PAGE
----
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CCCB Interviews

We speak with some of the most important names on the international cultural scene to get their ideas and thoughts out to you in an enjoyable and informative way. Each month, we publish a round of “CCCB Interviews” about the internet and digital culture, feminisms, climate change, science and the humanities, cities and public space, philosophy, language and literature, populisms and post-capitalism, as well as many other topics.

 

Rimini Protokoll: “There’s not such a big difference between us and the audience”

They are stage directors and they are also anthropologists, documentarians, social researchers, communicators, political scientists, robotics engineers, etc. It has been 20 years since Helgard Haug, Stefan Kaegi and Daniel Wetzel founded Rimini Protokoll in Berlin, and they have created around a hundred shows that have led theatre to break the barriers of conventional venues.

Jason Y. Ng: “Violence will only lead to more escalated violence”

Hong Kong has become the canary in the coalmine in a world marked by the tensions between the demands of complex societies and the power structures incapable of fitting in with them. We talk with Jason Y. Ng about what makes Hong Kong a case to be followed with attention. Read the full article

Valeria Luiselli: “What right do we have to talk about issues that are not our own?”

Denouncing the things that we witness is a task that requires constant self-awareness, knowing where we are writing from, recognising the limitations of the position that we occupy in society and common sense, intelligence and sensitivity. We take advantage of the visit by Valeria Luiselli to the CCCB, to talk with her about the writing process, the right to talk about issues that are close to us but not our own, and feminism, among other subjects.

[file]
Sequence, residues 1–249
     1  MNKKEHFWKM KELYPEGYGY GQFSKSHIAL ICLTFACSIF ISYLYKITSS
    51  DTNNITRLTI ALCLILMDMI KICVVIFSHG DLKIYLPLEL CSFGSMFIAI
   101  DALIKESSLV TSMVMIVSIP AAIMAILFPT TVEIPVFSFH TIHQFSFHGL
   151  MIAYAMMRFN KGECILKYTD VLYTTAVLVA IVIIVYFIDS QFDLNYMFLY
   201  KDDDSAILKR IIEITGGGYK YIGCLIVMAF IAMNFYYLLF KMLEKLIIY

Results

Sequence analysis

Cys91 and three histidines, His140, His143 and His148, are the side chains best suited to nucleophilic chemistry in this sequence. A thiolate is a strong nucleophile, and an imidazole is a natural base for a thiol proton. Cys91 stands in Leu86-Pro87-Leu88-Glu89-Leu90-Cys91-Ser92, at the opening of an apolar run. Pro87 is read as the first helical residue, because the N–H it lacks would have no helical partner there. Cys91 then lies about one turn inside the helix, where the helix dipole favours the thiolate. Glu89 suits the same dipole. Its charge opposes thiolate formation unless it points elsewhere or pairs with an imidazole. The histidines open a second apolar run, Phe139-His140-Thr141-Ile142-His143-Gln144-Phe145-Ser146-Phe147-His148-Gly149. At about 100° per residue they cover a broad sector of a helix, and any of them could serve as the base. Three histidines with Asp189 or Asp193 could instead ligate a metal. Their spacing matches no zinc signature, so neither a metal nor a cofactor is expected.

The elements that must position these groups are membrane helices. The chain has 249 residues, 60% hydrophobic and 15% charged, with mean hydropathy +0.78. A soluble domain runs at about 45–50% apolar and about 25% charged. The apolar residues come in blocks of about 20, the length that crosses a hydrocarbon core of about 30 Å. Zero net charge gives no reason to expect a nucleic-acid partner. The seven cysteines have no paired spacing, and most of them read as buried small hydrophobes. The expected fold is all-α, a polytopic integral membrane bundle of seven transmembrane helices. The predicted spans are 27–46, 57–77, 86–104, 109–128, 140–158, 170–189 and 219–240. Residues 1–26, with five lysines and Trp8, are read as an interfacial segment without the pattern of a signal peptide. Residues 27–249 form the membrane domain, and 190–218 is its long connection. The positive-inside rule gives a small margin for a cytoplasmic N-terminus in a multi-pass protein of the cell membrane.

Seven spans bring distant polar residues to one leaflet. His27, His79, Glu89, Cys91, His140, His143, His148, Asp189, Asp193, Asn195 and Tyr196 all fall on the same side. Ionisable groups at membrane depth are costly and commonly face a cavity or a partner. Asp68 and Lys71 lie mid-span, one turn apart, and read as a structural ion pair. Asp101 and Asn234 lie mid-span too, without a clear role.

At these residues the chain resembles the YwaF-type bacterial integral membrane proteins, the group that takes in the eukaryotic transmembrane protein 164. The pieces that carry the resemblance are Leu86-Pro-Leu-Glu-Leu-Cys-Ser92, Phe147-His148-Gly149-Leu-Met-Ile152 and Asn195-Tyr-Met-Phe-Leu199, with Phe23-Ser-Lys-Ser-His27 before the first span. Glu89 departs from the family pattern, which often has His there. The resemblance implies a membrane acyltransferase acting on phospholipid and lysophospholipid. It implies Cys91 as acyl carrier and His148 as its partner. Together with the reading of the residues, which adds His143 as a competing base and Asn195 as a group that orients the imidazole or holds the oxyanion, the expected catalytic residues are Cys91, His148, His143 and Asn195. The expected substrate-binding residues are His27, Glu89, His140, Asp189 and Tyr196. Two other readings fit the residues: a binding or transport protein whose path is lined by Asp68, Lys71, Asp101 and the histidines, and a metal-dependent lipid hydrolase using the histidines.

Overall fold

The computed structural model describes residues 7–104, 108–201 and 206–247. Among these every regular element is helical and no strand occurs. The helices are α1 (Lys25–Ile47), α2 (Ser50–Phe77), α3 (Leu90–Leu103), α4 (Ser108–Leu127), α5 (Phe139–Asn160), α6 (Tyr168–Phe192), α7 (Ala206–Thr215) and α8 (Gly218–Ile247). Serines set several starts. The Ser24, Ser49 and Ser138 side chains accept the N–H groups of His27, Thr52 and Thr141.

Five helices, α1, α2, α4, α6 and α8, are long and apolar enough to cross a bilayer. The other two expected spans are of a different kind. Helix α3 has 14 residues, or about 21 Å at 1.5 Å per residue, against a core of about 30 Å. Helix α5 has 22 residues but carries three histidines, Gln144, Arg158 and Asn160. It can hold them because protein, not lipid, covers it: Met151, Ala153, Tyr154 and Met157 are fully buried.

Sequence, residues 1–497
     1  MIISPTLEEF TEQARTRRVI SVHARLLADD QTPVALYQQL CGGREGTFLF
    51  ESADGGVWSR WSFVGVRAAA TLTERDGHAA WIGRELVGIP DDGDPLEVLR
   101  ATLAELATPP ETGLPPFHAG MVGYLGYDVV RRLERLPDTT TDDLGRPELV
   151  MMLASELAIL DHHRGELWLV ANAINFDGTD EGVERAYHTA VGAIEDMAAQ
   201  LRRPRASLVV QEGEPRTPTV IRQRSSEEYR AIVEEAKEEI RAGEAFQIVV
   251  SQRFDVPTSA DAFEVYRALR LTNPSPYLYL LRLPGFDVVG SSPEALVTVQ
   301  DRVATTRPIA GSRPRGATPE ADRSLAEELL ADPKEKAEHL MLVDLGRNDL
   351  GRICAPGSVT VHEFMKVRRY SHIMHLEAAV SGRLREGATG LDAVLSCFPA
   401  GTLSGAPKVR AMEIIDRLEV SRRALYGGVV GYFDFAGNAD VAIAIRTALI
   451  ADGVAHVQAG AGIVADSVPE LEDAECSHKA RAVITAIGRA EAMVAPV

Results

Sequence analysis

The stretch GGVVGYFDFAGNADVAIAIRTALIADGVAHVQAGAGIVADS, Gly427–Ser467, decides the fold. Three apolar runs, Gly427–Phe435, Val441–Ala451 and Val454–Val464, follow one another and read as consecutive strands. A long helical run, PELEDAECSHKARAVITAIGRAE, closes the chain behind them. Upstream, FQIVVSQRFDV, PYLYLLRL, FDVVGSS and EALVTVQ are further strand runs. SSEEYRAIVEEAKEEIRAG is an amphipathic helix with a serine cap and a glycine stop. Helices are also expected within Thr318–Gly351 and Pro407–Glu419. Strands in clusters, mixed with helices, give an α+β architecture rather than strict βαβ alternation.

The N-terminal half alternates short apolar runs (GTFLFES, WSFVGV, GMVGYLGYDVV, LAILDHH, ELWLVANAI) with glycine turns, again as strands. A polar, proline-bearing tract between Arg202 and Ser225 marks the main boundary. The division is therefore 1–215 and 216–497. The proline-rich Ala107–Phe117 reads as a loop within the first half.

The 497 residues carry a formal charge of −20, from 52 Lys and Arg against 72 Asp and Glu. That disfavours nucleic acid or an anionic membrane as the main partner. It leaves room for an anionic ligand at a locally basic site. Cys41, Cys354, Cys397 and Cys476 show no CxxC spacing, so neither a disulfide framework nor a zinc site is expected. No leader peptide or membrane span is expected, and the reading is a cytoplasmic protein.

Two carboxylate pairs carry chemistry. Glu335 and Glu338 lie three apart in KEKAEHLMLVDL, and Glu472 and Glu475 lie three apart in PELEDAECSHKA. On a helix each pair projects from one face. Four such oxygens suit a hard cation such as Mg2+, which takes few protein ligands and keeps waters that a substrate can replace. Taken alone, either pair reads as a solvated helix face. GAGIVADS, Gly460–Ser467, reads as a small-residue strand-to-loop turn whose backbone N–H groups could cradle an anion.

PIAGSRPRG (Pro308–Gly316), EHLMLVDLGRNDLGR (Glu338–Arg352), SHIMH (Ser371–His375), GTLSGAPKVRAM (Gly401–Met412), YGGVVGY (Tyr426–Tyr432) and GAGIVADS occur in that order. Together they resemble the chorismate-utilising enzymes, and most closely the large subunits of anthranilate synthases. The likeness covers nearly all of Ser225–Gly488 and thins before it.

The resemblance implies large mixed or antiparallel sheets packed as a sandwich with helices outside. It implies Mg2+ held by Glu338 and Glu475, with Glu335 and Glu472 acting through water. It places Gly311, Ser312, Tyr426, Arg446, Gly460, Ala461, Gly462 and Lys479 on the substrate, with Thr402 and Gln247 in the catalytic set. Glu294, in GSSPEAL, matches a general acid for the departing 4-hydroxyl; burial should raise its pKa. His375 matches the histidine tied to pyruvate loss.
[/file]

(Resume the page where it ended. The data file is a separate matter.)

Ngũgĩ wa Thiong’o: “Europe and the West must also be decolonised”

Writer Ngũgĩ wa Thiong’o has always questioned the literary tradition written in colonial languages, analysing the dynamics and the functioning off colonised societies and their relationship with the colonisers. Thiong’o defends the mother tongue as a weapon against linguistic imperialism, and recommends decolonising minds and the imagination, in Africa and Europe alike.

Paul Mason: “Information technology is going to erode the need for work”

Successive economic crises have led us to visualise the structural contradictions of the capitalist system. For the first time in many years, scenarios are re-emerging that until recently seemed utopian: the transition towards a society beyond capitalism, a post-work society based on automation and technological advances.

Rosi Braidotti: “What is necessary is a radical transformation, following the bases of feminism, anti-racism and anti-fascism”

Philosopher Rosi Braidotti talks about the post-human ethic, the devastating effects of neoliberal capitalism, and her proposal for affirmative resistance. Braidotti visited the Thinking Biennale Open City to explain her new post-anthropocentric perspective, but she was unable to avoid discussing her unease regarding the rise of the extreme right and nationalism in Europe.

Marcus du Sautoy: “Humans will never know if the universe is infinite”

Mathematics are a key language to understand the complex (and opaque) systems that make the world go round, be it economics, algorithms or AI. Marcus du Sautoy is a Professor of Mathematics at Oxford University and an impassioned science advocate of which he left evidence when attending the Biennal de Pensament Ciutat Oberta.